Irish Health Minister Defends Nursing Home Scheme

Minister for Health Mary Harney has defended the Government’s new scheme of funding for older people in long-term residential care, claiming it will take people out of the “unfair, stressful” situation they can currently find themselves in.

Ms Harney said the new system, whereby up to 15 per cent of the value of a person’s estate may be paid to the State after they die in order to cover the cost of long-term care, would be much fairer.

Speaking on RTE’s Today with Pat Kenny  programme, Ms Harney said there were about 21,000 older people currently in residential care, of whom about 8,000 are in public residential facilities.

She said these people pay “no more than 80 per cent of their non-contributory pension, no matter how rich or poor they are”.

Ms Harney said there were families paying €35,000 to €40,000 a year to pay for their parents in long-term care. There were parents who had remortgaged their homes and others who had taken equity releases in order to pay for care, she said.

The new system would take people out of the “unfair, stressful situation that we place older people in at the moment”, she said. “What I’m trying to do here is have something that’s fair.”

Ms Harney said she knew of someone who had realised assets of €12 million and was paying just 80 per cent of the non-contributory pension for care in a public nursing home. In the next bed, there could be someone with no assets paying the same amount.

“There will be no requirement now to mortgage the house, remortgage the house, sell the house or for your children or any of your relatives to pay. If the children wish to pay and not have their inheritance interfered with or any lien on the house for the future, they can make that choice of course. That’s an option,” the Minister said.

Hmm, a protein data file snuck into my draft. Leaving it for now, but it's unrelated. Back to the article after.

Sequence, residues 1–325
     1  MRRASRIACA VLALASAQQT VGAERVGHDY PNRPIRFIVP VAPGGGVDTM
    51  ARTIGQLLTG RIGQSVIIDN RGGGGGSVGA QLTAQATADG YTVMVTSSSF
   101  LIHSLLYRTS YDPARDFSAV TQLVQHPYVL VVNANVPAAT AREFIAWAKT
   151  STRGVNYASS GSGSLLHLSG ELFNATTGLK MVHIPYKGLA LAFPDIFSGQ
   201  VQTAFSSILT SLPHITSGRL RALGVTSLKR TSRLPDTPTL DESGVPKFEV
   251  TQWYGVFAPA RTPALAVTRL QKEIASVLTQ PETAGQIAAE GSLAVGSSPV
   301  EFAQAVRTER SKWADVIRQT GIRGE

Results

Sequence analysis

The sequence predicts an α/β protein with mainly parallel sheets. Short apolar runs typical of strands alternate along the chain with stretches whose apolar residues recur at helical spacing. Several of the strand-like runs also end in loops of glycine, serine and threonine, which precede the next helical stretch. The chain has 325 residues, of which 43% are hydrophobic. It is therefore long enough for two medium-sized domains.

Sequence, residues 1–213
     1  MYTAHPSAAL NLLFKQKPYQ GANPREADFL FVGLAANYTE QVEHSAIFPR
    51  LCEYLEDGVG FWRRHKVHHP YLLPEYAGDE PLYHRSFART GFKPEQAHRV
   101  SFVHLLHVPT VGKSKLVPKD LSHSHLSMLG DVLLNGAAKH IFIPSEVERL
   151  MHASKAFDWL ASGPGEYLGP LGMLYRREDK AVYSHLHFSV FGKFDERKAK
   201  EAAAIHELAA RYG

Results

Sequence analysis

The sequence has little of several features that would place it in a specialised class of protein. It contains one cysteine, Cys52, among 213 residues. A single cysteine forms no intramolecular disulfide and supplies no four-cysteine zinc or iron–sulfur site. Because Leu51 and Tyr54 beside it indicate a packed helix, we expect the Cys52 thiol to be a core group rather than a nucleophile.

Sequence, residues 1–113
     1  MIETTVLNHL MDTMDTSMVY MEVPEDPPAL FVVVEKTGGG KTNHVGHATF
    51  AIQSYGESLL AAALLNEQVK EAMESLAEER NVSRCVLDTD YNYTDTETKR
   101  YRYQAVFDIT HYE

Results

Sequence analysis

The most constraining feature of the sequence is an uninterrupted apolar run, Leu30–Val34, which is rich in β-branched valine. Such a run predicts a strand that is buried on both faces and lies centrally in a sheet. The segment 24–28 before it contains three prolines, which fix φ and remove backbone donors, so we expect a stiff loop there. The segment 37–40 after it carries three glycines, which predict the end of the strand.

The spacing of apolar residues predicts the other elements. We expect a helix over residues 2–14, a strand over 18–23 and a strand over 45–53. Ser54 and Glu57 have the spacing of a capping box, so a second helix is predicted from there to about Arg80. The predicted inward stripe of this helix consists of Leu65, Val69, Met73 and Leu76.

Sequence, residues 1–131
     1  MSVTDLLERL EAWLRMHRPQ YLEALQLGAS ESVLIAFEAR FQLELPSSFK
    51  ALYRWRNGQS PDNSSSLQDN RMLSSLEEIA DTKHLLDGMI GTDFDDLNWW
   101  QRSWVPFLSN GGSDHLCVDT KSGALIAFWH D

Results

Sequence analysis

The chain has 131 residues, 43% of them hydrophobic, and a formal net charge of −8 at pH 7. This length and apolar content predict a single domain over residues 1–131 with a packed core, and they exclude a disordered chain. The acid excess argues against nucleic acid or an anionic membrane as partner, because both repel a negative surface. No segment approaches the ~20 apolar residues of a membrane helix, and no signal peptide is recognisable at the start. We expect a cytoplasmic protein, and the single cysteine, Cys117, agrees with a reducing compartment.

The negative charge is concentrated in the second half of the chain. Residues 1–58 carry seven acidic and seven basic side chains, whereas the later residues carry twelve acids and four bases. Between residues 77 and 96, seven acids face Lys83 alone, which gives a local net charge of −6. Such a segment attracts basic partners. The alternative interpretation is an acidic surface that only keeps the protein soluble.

“What we’re simply saying to older people is this: you won’t have to sell your house, you won’t have to remortgage your house, you won’t have to take out an equity release where the banks are the big beneficiaries.”

A person who availed of long-term nursing care for more than three years would pay a contribution from their estate of five per cent for each of three years, with the amount capped at 15 per cent no matter how long the person was in care.

Where one person was in long-term care and had a spouse who owned half the house, the person’s liability would be assessed on the basis of half the value of the house, she said.

Ms Harney said the new system would be accompanied by an enhanced package of community supports and day care facilities for older people, so that they would be able to stay in their own homes, where possible.

These supports would include making it easier for people to get necessary appliances into their homes, including stair lifts and disabled bathrooms.

“If somebody needs care, they will be assessed. If they can stay at home and wish to stay at home, which the vast majority of older people want to stay at home, all the evidence suggests, international evidence, that older people lead a higher quality of life if they can stay at home and on average that they live two years longer. So older people never opt to go into care unless it’s essential.”

The Minister admitted, however, there were not currently enough people working in primary or community care. “We don’t have enough people working at the moment in primary or community care and that’s why we’re rolling out primary care teams, 100 of them this year around the country, another 100 next year and these teams in addition to nurses and doctors obviously.”

She said the number of day care places would also be extended. “The whole idea here is for more and support into the community, into the home. Obviously, the nursing home will be the place of last resort, where medically you can no longer stay at home.”